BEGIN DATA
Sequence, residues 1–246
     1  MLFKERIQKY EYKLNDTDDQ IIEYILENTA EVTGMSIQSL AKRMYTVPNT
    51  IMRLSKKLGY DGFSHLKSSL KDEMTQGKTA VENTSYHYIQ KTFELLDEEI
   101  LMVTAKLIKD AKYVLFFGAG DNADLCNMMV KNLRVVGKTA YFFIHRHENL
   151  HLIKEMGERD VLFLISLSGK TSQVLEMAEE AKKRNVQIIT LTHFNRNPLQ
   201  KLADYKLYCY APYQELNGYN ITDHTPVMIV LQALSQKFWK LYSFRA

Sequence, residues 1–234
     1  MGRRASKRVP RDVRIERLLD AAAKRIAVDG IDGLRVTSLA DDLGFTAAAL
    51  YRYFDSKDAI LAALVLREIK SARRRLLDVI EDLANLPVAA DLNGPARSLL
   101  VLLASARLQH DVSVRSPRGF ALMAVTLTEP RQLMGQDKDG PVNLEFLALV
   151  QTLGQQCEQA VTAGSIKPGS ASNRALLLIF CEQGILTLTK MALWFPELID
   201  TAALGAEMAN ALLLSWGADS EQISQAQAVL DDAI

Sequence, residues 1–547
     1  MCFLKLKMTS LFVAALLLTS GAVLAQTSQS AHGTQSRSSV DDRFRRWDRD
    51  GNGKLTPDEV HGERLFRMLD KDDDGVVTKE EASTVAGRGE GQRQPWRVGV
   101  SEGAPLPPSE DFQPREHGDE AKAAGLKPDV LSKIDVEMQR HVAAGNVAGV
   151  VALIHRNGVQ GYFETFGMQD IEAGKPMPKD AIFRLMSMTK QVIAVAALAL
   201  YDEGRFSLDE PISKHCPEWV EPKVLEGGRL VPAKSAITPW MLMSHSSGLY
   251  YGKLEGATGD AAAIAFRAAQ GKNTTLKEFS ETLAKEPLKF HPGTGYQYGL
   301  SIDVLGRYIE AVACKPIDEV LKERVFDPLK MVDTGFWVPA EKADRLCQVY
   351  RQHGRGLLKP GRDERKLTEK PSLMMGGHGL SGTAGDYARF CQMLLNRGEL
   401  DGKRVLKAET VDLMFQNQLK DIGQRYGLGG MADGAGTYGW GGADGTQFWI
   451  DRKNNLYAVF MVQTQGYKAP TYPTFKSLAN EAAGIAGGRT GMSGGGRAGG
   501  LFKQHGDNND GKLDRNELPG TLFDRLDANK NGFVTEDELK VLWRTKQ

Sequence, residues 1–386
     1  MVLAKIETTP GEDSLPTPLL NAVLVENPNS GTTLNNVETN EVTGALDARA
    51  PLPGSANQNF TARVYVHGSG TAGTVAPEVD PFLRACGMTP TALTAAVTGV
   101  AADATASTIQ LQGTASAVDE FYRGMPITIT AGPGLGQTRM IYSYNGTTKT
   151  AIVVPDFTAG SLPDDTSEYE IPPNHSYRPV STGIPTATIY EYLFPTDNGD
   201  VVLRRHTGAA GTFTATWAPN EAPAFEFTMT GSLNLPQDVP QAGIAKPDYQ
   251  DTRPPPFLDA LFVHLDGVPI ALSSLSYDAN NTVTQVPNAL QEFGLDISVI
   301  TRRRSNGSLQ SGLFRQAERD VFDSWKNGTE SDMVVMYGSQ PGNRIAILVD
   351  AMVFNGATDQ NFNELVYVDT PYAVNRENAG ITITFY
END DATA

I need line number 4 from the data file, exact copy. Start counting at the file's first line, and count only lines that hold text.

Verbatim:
   101  LMVTAKLIKD AKYVLFFGAG DNADLCNMMV KNLRVVGKTA YFFIHRHENL